Potential advantages of probes in accordance with the present disclosure include more uniform and consistent airflow over the sensing elements, for example at conditions with low Zeta values where Zeta is defined as corrected Mach number for a particular altitude (e.g., at high Mach numbers and at high altitudes, such as over 40,000 ft (12,192 m) and over Mach 0.77). This means a given TAT probe will have more consistent readings, as well as readings being more consistent from one TAT probe to another. Another potential advantage is reduced sensitivity to boundary layer separation. Reduction of deicing heater error (DHE), e.g., at high altitudes, can advantageously reduce the number of total air temperature (TAT) probe miscompares in systems with multiple TAT probes, without negatively effecting TAT probe performance at lower altitudes, e.g., at or near sea level.

The methods and systems of the present disclosure, as described above and shown in the drawings, provide for total air temperature (TAT) probes with superior properties including reduced or eliminated deicing heater error (DHE). While the apparatus and methods of the subject disclosure have been shown and described with reference to preferred embodiments, those skilled in the art will readily appreciate that changes and/or modifications may be made thereto without departing from the spirit and scope of the subject disclosure.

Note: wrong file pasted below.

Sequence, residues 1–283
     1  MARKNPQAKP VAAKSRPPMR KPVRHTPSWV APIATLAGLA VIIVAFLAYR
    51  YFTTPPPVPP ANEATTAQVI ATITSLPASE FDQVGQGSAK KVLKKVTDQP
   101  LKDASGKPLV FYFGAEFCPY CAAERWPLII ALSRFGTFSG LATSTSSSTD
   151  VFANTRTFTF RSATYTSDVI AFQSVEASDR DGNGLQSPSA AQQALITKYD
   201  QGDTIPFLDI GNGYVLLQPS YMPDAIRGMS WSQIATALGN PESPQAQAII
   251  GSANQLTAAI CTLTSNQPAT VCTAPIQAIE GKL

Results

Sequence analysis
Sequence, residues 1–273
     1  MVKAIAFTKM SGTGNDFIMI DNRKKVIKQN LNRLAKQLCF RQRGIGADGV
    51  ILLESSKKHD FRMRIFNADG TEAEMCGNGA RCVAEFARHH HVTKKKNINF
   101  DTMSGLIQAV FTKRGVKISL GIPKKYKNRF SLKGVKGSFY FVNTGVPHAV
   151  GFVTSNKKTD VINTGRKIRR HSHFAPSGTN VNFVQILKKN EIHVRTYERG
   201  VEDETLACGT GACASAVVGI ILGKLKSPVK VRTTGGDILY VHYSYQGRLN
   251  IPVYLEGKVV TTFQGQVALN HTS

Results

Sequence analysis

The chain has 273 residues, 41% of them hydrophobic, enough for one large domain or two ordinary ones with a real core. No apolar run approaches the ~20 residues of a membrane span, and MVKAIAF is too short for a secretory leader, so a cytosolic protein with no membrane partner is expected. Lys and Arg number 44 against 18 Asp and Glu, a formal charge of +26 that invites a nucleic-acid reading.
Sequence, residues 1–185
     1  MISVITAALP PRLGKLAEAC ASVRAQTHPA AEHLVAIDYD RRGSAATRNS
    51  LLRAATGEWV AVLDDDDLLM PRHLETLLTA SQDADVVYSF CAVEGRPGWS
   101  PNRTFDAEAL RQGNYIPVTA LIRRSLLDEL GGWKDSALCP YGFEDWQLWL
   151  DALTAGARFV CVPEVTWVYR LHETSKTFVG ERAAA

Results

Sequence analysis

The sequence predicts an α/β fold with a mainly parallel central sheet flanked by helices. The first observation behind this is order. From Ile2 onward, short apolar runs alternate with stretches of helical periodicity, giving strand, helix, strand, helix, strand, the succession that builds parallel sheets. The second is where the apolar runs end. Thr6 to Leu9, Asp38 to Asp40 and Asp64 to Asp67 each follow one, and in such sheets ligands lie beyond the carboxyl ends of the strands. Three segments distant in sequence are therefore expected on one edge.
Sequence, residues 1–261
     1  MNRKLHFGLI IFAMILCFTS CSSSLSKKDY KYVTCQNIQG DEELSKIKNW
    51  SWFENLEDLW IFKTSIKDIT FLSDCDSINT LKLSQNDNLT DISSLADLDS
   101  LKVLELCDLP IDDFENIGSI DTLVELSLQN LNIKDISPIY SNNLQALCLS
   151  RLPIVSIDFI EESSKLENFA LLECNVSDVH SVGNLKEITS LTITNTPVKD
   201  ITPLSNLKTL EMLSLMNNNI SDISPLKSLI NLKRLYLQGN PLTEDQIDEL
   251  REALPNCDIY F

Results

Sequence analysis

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Citation

Patents Cited in This Cited by
Title Current Assignee Application Date Publication Date
Aspirated enhanced total air temperature probe ROSEMOUNT AEROSPACE INC. 14 May 2007 09 November 2010
Aspirated enhanced total air temperature probe ROSEMOUNT AEROSPACE INC. 28 September 2010 20 January 2011
Device and method for measuring parameters during flight tests of an aircraft AIRBUS OPERATIONS SAS 01 September 2004 31 March 2005
Total air temperature probe having improved deicing heater error performance ROSEMOUNT AEROSPACE INC. 20 September 2005 15 April 2008
Device and method for determining total temperature for aircraft THALES 07 September 2004 19 December 2006